Acadia Pharmaceuticals achieve positive Phase III results in Rett Syndrome trial

pharmafile | December 7, 2021 | News story | Manufacturing and Production  

Acadia Pharmaceuticals have announced positive top-line results from the pivotal, Phase III Lavender study, which evaluated the efficacy and safety of trofinetide in 187 girls and young women aged five to 20 years with Rett syndrome. The 12-week placebo-controlled study demonstrated statistically significant improvement over placebo, for both co-primary endpoints.

On the Rett Syndrome Behaviour Questionnaire (RSBQ), change from baseline to week 12 was -5.1 vs -1.7 (p=0.0175; effect size=0.37). The Clinical Global Impression-Improvement (CGI-I) score at week 12 was 3.5 vs 3.8 (p=0.0030; effect size=0.47). The RSBQ is a caregier assessment of the main symptoms associated with Rett syndrome, and the CGI-I is a global physician assessment of the worsening or improving of the syndrome.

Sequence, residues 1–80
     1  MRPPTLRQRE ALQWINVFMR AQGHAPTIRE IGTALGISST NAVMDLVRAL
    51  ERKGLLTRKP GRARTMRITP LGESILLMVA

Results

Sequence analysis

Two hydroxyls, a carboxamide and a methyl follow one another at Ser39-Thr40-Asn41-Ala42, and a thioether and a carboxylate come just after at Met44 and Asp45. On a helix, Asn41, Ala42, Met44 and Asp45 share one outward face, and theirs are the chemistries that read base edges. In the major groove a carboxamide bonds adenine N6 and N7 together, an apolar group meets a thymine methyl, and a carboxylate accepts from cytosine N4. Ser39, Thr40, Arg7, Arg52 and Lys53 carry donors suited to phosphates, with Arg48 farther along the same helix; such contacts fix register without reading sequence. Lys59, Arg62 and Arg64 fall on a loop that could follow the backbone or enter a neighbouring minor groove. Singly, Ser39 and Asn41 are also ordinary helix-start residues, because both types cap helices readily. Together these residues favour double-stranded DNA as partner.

In the study, trofinetide also demonstrated a statistically significant separation over placebo on the key secondary endpoint, the Communication and Symbolic Behaviour Scales Developmental Profile™ Infant-Toddler Checklist-Social composite score (CSBS-DP-IT-Social) change from baseline to week 12 was -0.1 vs -1.1 (p=0.0064; effect size=0.43).

Rett syndrome is a rare genetic disorder, affecting brain development and causing severe muscle movement disability. It affects approximately 1 in 12,000 girls born every year, and is only rarely seen in boys.

Jeffrey L Neul, MD, PhD, Annette Schaffer Eskind Chair and Director, Vanderbilt Kennedy Center; Professor of Pediatrics, Division of Neurology, Pharmacology, and Special Education, Vanderbilt University Medical Center and Lavender study investigator, commented: “These are encouraging results for patients and families affected by Rett syndrome. Patients reported improvements in core symptoms, like being able to respond to a choice when asked by their parents, or experiencing more freedom from the repetitive hand movements that create obstacles in other areas of their lives.

“The positive Lavender study results support a potential treatment for Rett syndrome and represent an important step forward in addressing this rare and serious neurological disease.”

Lina Adams

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